The experience in Afghanistan has taught ruthless lessons to powerful countries on the limits of power. A good military theory should deduce conclusions on the history of the performance of war in every aspect. Examples, lessons, and recommendations learned from history elucidate or provide proof in sustenance of a statement or a theoretical construct. Additionally, useful theories should completely reflect on the consequences of present and future technology. In addition to the above, a good theory must not lean exclusively on the mentioned facts. It must be wide-ranging and flexible, concentrating on eternal ideas rather than short-lived ones. A good theoretical construct should separate war patterns and be without a doubt declared.
Levels of Analysis
According to the above insight into the War against terror, it is possible to explain the development and to forecast the results of conflict even those as complex as the ones that distressed post-1979 Afghanistan. One has the discretion to use a general analytical tool to explain the effects of religious, ethnic, revolutionary, liberation, and secessionist conflict in spite of the common belief that it is impossible.
Useful Theories to Explain the Conflict
A number of theories can be used to explain the conflicts mentioned above. Although the theories are purely the opinion of this research study, evidence and conclusions drawn from the above insight may be useful in explaining the events in Afghanistan that have helped to shape the global history from the invasion of the Soviet Union to their exit through controversy and the American involvement in the whole situation.
Most common theories that explain any conflict between organizations, groups of organizations, or countries include realism. This theory highlights intentions linked to power, national security, and resources. The theory is explained through unipolarity and the desire to maintain supremacy. After the September 11 attacks, the US felt a need to avoid post 9/11 decline in power by indicating its readiness to use force where necessary. The US also aimed at avoiding any form of nuclear proliferation, get rid of the Iraqi threat against the US and its allies. Also, on the stakes was the US desire to assist Israel Secure U.S. oil supplies, gain regional military bases, reduce energy vulnerabilities, and pressure Syria and Iran. Since U.N. inspections are unreliable, the only other retaliatory action would be sanction policies, which would only cause resentment from different interest groups. Contrary to realism, liberalism takes into consideration the difference between non-democracies and democracies and supposes it to be a basic reason of war. Democratic states harbor the fear that dictators will attack first and therefore prepare beforehand for any occurrence or provocation of war. They derive security from spreading democratic systems and human rights to other parts of the world. Going with popular liberal theories, a decision concerning war draws from states’ domestic attributes, predominantly their kind of government, and from the pressure of global law. Security at a global level as well as prosperity depends on the increase of social equality and trade and additionally on the conflict-regulation responsibility of international establishments.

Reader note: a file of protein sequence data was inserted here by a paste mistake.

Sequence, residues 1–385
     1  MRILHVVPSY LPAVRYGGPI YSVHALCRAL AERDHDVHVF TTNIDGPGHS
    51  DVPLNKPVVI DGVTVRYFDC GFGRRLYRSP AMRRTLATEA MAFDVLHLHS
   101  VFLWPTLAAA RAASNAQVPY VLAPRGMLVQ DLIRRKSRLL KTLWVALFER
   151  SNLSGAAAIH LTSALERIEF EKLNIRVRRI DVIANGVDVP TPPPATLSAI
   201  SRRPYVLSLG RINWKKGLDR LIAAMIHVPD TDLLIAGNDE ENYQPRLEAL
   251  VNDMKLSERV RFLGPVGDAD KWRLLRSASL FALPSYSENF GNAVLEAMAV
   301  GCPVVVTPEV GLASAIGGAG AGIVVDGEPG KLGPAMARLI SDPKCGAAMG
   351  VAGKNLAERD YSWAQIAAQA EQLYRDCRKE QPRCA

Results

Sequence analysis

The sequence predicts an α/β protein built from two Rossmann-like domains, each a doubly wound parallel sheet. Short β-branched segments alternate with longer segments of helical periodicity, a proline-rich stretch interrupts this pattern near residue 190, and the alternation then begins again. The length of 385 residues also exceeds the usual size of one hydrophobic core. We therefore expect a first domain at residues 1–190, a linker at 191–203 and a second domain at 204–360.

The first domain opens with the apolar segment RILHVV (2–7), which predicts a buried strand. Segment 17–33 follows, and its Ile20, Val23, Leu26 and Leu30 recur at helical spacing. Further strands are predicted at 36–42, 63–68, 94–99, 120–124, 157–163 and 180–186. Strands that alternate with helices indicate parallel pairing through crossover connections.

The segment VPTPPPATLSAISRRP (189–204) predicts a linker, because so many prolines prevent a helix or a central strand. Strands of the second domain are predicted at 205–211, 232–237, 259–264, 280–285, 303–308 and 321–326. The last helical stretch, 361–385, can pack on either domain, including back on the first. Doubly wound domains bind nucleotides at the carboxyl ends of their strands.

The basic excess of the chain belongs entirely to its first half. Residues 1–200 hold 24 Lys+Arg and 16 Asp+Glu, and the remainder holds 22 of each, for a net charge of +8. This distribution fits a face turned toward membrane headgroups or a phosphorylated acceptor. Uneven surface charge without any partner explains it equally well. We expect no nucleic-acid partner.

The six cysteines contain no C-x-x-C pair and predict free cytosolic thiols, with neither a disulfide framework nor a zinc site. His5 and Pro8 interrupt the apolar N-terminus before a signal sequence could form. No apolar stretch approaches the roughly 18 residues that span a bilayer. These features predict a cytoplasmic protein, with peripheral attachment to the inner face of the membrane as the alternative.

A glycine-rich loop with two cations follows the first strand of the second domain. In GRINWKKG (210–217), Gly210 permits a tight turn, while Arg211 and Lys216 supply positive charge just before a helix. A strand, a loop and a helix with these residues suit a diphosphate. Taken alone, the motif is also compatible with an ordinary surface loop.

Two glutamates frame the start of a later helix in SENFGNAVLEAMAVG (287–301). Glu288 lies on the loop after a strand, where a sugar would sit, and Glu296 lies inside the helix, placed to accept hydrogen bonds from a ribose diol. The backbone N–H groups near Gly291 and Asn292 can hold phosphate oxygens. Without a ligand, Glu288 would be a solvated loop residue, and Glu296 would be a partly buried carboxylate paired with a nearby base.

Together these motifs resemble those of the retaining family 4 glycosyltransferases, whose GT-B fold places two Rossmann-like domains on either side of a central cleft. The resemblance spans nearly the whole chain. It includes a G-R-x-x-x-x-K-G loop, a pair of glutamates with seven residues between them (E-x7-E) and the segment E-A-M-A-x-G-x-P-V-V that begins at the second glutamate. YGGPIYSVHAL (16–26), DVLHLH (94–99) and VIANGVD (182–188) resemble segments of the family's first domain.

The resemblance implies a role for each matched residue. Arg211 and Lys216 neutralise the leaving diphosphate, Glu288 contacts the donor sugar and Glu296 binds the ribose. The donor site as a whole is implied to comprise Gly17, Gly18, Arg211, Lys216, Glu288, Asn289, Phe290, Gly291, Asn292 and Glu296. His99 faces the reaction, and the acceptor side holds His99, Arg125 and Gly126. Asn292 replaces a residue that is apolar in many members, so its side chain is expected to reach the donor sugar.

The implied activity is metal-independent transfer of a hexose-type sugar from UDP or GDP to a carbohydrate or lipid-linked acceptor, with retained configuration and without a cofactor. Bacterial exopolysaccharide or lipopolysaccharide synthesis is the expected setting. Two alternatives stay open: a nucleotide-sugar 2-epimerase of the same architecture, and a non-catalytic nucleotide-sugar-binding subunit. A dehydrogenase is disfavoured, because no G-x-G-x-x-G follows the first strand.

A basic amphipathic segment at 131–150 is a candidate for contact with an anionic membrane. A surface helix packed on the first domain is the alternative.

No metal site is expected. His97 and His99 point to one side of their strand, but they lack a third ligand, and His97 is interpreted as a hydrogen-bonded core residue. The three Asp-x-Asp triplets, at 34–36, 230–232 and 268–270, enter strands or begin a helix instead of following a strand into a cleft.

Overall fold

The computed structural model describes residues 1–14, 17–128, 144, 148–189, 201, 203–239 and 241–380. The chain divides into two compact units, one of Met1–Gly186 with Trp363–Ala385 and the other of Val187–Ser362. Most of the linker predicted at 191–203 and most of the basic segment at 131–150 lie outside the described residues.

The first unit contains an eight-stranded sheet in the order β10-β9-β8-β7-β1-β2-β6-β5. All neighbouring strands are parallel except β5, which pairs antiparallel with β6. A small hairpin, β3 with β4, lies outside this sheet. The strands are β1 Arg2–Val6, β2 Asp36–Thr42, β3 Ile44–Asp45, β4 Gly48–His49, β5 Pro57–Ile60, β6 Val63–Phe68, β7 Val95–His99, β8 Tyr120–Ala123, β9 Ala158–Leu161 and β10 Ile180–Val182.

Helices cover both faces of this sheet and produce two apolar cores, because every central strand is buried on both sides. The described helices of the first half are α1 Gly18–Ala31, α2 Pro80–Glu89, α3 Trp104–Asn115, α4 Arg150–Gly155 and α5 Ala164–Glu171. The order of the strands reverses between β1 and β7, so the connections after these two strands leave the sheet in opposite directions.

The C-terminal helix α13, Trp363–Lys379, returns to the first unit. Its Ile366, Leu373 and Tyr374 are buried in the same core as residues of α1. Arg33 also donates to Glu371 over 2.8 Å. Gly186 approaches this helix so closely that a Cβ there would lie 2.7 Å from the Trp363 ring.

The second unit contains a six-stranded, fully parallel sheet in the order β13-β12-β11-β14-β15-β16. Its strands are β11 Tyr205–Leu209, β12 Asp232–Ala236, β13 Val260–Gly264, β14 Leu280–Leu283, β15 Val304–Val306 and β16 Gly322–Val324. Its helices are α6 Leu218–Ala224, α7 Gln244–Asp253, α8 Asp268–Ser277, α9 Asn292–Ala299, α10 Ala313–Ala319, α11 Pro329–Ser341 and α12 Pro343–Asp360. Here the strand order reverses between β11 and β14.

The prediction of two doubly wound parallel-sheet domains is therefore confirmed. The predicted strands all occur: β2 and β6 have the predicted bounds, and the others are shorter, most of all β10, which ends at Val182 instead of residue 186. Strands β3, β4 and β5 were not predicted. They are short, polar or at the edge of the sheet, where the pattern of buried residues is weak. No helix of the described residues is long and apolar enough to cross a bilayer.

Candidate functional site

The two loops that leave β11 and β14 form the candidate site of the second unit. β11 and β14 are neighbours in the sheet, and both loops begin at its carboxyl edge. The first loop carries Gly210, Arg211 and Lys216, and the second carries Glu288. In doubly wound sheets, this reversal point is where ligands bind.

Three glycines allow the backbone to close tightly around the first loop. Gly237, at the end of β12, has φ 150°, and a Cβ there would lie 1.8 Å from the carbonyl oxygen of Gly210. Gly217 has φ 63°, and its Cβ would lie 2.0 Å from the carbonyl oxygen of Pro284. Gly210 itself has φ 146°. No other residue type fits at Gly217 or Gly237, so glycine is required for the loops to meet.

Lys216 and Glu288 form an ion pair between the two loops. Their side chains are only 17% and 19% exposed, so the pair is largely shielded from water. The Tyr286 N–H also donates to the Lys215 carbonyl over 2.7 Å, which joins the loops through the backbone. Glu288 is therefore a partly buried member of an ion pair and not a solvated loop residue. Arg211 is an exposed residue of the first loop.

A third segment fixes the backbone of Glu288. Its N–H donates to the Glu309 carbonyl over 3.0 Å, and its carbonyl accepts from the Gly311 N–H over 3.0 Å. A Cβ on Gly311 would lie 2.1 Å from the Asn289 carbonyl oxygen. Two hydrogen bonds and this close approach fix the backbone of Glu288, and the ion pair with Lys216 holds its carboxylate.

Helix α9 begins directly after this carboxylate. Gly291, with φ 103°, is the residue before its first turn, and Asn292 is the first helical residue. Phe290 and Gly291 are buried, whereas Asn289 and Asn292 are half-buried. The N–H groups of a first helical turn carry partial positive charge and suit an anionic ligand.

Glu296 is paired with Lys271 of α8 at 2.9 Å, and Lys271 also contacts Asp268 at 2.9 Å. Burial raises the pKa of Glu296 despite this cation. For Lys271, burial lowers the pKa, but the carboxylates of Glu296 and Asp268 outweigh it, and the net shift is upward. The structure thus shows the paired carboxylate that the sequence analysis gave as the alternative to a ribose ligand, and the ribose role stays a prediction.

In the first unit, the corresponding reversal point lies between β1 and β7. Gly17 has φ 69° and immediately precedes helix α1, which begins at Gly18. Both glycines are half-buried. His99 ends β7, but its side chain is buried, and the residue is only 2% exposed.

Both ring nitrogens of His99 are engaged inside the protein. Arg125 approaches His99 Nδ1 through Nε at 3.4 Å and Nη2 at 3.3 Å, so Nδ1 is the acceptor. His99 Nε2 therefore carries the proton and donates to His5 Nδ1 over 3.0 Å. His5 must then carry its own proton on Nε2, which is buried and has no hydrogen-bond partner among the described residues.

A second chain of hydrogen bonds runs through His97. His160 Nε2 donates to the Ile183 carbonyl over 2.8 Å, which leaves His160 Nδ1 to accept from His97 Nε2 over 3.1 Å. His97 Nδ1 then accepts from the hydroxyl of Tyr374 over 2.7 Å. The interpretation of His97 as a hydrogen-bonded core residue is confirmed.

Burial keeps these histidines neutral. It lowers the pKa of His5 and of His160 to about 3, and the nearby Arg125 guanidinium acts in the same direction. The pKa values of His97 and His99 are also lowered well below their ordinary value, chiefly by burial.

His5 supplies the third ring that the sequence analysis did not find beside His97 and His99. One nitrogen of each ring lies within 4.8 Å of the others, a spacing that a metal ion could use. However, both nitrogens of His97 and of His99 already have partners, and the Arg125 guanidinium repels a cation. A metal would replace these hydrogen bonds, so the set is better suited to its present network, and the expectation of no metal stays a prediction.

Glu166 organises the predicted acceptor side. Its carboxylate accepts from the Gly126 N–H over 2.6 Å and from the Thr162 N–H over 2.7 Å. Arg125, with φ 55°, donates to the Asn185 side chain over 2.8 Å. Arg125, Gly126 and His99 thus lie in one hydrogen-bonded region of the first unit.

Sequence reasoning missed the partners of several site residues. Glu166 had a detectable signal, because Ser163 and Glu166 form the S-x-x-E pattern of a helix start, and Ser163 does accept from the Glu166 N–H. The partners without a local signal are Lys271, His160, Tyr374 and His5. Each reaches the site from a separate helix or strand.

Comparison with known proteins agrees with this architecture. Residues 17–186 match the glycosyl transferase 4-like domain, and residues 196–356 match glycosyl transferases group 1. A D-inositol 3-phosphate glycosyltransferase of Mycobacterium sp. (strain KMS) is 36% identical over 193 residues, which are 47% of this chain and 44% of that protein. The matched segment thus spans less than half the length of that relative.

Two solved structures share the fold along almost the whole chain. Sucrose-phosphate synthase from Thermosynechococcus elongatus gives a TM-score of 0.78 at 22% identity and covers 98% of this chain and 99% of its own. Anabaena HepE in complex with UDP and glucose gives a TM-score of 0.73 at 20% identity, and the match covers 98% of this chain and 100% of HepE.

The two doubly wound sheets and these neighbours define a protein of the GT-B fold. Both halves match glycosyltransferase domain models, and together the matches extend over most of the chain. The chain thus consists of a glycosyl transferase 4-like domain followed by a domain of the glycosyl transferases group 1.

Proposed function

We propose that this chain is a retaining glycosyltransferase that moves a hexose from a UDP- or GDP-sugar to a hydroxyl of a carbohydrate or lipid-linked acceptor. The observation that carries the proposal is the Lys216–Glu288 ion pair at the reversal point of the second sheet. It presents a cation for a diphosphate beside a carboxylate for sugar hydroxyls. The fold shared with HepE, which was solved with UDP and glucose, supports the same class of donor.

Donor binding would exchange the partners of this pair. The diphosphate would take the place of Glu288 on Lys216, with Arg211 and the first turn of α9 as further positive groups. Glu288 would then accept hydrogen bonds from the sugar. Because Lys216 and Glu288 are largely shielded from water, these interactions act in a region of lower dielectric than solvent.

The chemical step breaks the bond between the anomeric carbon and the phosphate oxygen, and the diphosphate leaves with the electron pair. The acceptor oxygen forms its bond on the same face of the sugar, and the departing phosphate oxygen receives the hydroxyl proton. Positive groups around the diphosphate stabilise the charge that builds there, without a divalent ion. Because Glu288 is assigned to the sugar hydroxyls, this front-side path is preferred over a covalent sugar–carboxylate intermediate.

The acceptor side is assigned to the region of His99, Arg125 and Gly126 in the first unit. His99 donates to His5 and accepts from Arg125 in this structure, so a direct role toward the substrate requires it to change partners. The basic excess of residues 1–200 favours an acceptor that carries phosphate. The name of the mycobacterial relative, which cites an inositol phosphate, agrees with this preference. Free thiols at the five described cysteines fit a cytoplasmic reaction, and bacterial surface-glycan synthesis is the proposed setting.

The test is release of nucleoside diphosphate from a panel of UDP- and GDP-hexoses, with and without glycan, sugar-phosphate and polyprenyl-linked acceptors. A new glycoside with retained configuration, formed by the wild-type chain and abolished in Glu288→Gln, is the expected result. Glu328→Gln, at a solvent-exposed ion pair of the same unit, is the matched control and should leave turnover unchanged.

The most common theory, however, encompasses the interests of the elite. A point of view that puts emphasis on sub-state interests draws attention to the elites’ incentives to participate in war based on bureaucratic, financial, and political activities (Lieberfeld, 2005). In accordance with the related diversionary theory of war, an unlawful or radical system finds peripheral adversaries to be politically helpful and could even take on war as a means of self-legitimization. The system may also generate accumulated approval regarding its strategies as it suppresses domestic division and opposition. From this point of view, missing the authenticity of an uncontaminated electoral triumph, President Bush held on to the political chance presented by the September 11th attacks to cover his legacy in the legitimizing layer of military active president for the duration of the short conflict in Afghanistan. He further prolonged the opportunity when he invaded Iraq and extended the politically positive domestic atmosphere that war created.
Based on the evidence presented, this paper is of the opinion that Obama’s new plan to gradually remove troops from Afghanistan is simply a campaign strategy that was aimed at wooing voters who were tired of the heavy taxation imposed on them for large military spending on foreign land (Sinno, 2008). The people of America see no threat in Afghanistan and they feel like the war on terror is just another excuse to gain supremacy. This is the paper’s stand and numerous foreign activities of the US in oil rich states or those with nuclear energy go a long way to prove that. Just like the Soviet Union decades ago, the US has realized that spending huge amounts of money in Afghanistan during hard financial and economic times does not auger well to the common taxpayer in the US. Although it was partly a campaign strategy, the fulfillment of the promise to withdraw all troops from Afghanistan by 2014 is President Obama’s only chance to leave a legacy where military might is concerned. Boosted by the recent assassination of the world’s most wanted man Osama Bin Laden, the President is eager to have a clean military record as he maintains the supremacy of the US without appearing much of a war hungry president as compared to his predecessor (Berntsen, 2006).
Of the theories presented above, the theory of related diversionary in war is probably the most accurate one in describing the war in Afghanistan, why it started, and why even after the objectives were met, it still persists. It is not certain whether President Obama will officially end it, but even if it does not come to a halt, nothing is surprising. The desire to remain supreme at the expense of others’ freedom and the desire to have political control over other regions and to monitor potential threats to the security of the Americans remain first on the agenda.